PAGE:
Ten Insights into Ghanaian Culture: #10 – Ghanaian Intelligentsia
Education is a highly valued commodity in Ghana. Talk show hosts expound upon it. Members of the public brag flaunt it, seizing every opportunity to participate in intellectual debates on politics and social issues. (Everyone will throw in their 2 cents on these matters, though you will find general consensus about 2 things––that all politicians are corrupt and that the economy is going down the drain.) Parents pride themselves on the level of educational attainment of their children, and adults pride themselves on their pedigrees and their job titles. In short, success is measured, and precipitated, by educational level.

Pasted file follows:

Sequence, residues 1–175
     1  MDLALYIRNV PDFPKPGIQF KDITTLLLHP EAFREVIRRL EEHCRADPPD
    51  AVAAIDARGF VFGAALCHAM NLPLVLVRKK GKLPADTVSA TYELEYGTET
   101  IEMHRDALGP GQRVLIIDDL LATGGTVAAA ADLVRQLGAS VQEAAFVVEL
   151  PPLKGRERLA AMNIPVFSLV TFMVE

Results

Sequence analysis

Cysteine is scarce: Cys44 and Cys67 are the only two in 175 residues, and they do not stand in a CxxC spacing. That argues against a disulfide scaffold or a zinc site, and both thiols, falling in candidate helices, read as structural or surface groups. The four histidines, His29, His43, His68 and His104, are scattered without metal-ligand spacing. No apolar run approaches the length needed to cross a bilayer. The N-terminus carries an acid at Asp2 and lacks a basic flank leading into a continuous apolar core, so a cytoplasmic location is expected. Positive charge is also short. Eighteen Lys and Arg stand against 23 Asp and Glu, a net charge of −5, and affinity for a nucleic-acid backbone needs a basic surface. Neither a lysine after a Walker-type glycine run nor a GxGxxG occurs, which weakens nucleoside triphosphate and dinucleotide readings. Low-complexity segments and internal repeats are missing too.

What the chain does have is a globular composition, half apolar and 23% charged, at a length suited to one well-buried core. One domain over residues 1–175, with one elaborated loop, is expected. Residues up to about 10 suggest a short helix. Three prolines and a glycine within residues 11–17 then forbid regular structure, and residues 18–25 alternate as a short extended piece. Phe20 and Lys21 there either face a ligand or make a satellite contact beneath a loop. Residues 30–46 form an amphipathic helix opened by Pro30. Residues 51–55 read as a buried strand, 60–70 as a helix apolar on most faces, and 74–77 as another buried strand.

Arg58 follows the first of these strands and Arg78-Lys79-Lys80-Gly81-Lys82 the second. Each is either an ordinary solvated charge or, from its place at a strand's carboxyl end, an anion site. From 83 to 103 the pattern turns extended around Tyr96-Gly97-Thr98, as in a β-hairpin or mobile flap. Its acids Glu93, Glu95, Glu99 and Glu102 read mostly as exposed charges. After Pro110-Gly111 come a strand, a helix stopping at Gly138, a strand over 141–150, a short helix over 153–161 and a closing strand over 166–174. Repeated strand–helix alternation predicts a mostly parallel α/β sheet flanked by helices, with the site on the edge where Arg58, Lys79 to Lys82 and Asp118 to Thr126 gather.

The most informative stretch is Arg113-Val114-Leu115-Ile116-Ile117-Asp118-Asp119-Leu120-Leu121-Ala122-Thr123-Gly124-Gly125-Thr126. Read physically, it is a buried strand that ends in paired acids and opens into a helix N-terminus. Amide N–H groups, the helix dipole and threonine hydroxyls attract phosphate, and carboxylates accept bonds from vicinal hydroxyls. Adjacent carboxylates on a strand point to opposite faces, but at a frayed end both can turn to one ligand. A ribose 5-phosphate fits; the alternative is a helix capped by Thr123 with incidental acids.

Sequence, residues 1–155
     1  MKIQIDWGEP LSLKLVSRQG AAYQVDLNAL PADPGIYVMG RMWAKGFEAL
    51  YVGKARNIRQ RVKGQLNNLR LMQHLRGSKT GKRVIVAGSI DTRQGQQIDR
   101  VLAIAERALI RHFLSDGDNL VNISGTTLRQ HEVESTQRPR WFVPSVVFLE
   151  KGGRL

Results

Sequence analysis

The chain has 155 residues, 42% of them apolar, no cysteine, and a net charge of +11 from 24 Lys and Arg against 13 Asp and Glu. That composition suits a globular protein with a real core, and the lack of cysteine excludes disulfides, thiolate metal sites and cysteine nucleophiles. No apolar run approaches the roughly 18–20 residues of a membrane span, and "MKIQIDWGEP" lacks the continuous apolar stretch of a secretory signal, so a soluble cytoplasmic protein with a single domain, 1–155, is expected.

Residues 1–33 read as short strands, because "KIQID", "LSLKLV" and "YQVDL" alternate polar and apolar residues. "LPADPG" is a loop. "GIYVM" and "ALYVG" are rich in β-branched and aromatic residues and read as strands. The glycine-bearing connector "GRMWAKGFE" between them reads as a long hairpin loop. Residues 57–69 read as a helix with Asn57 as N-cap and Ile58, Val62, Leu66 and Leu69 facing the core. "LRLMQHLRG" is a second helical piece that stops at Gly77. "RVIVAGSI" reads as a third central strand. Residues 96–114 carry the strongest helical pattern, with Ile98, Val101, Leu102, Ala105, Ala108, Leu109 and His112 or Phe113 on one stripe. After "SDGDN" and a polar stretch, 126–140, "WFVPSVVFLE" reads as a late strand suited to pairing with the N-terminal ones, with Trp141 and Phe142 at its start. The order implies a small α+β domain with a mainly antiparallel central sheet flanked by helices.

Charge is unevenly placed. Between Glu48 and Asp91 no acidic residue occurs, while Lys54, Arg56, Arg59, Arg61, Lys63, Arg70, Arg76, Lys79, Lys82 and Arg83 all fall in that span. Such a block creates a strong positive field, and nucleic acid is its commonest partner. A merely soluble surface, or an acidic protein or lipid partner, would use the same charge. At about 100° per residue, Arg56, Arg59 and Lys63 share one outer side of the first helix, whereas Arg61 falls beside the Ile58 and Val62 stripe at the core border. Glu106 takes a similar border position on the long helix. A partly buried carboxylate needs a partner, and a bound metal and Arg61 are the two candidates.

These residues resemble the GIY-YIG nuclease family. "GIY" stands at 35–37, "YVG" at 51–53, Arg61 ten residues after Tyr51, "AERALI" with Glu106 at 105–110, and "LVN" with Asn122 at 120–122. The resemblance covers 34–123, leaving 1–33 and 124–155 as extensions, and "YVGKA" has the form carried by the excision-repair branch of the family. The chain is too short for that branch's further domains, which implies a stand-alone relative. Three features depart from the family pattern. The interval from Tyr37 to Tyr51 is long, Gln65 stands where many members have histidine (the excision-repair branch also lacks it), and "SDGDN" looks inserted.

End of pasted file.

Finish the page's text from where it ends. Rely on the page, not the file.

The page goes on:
Ghanaian high schools, in particular, have historically been very competitive, both to get into, and in inter-institutional examination results. Much like in England, the school you attend for your secondary education and your undergraduate studies is a matter on which to stake both personal pride and social status. In view of this, don’t expect that people will understand you or admire you for who you are if you announce that you did not, in fact, go to school at all; or that you have a low level of education; or that you have a job that does not fall into the top-5 category of Most Valued Professions: doctor, lawyer, professor, engineer, or architect. I’m not saying you should lie about who you are or what you do. I’m just saying don’t expect to have a conversation around it. That is all.